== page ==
The U.S. Cyber Command blocked the internet access of the St. Petersburg’s-based Internet Research Agency (IRA), a Russian disinformation and propaganda outfit which was contracted by the Kremlin to orchestrate the social media disinformation campaign to help Donald Trump win the 2016 presidential election. The IRA’s access to the internet was blocked on midterms Election Day, and for a few days following the election.

  • Putin's Big Power play in Ukraine

    For twenty years, Vladimir Putin, the strongman of Russia, has schemed to subvert and annex the neighboring country of Ukraine.  Now, with the world distracted over Brexit and Venezuela, he is making his move.

  • New periodic table of droplets could help in solving crimes

    Liquid droplets assume complex shapes and behave in different ways, each with a distinct resonance – like a drum head or a violin string – depending on the intricate interrelationship of the liquid, the solid it lands on and the gas surrounding it. Researchers have created a periodic table of droplet motions, inspired in part by parallels between the symmetries of atomic orbitals. Better understanding of droplets behavior may help solve crimes.

  • Warrior vs. guardian policing

    The pros and cons of policing methods have been heavily debated for decades in the United States. Now, a team of researchers has created a model to measure the differences between two distinct approaches to policing — the warrior approach and the guardian approach.

  • Better monitoring of nuclear power plants, nuclear proliferation

    The United Kingdom is investing nearly £10 million (about $12.7 million) in a joint project with the United States to harness existing particle physics research techniques to remotely monitor nuclear reactors. Expected to be operational in 2024, the Advanced Instrumentation Testbed (AIT) project’s 6,500-ton detector will measure the harmless subatomic particles called antineutrinos that are emitted by an existing nuclear power plant 25 kilometers, or about 15.5 miles, away.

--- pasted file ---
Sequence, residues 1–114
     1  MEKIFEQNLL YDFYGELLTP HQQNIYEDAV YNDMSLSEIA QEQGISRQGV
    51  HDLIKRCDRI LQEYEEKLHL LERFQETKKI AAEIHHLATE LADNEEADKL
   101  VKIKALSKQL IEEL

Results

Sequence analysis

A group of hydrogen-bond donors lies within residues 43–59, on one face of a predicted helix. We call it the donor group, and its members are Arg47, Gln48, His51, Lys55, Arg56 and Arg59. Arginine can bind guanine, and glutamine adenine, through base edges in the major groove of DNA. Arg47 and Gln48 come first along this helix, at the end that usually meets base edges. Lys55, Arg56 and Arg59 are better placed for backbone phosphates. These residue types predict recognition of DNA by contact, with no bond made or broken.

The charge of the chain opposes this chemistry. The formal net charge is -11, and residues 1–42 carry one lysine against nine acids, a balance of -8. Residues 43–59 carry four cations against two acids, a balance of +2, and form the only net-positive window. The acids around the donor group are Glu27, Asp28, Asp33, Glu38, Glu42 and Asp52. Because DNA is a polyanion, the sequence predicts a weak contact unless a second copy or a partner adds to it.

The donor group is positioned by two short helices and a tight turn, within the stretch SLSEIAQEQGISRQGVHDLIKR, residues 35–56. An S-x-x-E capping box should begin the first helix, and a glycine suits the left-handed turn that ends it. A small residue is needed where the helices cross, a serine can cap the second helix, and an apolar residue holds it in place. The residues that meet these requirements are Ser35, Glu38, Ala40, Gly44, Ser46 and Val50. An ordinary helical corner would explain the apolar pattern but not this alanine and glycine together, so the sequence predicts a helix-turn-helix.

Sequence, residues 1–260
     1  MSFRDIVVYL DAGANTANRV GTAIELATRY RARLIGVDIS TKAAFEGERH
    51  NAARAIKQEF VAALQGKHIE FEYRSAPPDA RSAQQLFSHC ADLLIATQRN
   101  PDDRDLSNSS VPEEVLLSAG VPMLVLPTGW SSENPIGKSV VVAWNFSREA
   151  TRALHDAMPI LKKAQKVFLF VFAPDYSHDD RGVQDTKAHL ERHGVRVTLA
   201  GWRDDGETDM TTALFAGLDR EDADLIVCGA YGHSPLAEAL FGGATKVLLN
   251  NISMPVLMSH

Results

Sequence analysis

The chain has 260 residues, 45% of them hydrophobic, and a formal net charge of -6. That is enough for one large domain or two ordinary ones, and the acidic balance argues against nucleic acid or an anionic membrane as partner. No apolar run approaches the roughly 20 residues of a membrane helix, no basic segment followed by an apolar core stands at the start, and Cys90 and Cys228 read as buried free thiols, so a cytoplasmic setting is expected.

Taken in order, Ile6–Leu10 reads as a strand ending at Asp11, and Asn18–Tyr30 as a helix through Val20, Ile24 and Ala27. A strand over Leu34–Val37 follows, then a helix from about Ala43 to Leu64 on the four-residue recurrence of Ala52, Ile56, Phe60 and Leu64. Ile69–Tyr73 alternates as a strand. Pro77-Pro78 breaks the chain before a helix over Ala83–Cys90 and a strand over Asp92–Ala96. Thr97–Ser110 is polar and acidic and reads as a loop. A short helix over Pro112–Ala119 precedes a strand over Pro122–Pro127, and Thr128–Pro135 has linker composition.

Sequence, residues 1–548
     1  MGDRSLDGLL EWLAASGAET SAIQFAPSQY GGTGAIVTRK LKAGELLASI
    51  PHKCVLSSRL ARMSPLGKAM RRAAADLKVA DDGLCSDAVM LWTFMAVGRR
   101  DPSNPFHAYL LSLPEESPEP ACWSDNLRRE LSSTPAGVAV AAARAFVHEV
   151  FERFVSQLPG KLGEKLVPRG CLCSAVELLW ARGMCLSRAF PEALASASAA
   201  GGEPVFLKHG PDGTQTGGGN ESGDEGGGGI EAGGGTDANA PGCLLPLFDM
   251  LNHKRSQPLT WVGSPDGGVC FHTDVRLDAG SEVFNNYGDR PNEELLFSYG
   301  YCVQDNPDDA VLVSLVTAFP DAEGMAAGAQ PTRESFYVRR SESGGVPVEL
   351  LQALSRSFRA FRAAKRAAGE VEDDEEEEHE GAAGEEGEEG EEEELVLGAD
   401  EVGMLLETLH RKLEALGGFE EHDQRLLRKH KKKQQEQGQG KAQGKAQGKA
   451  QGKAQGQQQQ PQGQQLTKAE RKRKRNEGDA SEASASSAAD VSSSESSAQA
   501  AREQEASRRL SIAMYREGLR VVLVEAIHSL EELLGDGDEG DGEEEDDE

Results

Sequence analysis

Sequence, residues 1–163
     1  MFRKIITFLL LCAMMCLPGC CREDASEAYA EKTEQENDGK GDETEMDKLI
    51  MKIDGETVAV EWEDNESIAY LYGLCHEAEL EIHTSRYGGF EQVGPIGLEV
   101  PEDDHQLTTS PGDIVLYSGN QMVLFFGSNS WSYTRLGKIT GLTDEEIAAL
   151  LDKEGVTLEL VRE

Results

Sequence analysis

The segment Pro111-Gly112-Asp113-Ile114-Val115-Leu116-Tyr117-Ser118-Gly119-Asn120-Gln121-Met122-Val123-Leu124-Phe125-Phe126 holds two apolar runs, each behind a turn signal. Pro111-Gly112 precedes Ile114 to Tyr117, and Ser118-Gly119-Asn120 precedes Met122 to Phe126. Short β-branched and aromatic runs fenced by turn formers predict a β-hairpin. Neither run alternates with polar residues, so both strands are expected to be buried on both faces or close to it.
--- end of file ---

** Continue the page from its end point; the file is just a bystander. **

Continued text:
• Britain’s MI6 chief visited Israel to discuss Iran’s nuclear threat

    The chief of Britain’s MI6 intelligence service recently visited Israel to discuss the threat posed by Iran’s nuclear program. Israeli intelligence believes that Iran is “making preparations” to develop nuclear weapons without blatantly violating the 2015 deal. However, the Islamic Republic has not yet made the political decision to break out, according to the Israeli assessment.

  • Deradicalization and countering violent extremism

    Since the early 2000s, more than fifty countries have developed initiatives to counter violent extremism (CVE). Despite this, there still remains a lack of strong evidence on which interventions are effective. Researchers have reviewed the literature on CVE programs to give examples of what good CVE practice should look like.

  • Doctor-affiliated PACs fund candidates opposing gun safety policies

    Researchers found that physician-affiliated political action committees provided more financial support to candidates who opposed increased background checks, contrary to many societies’ recommendations for evidence-based policies to reduce firearm injuries.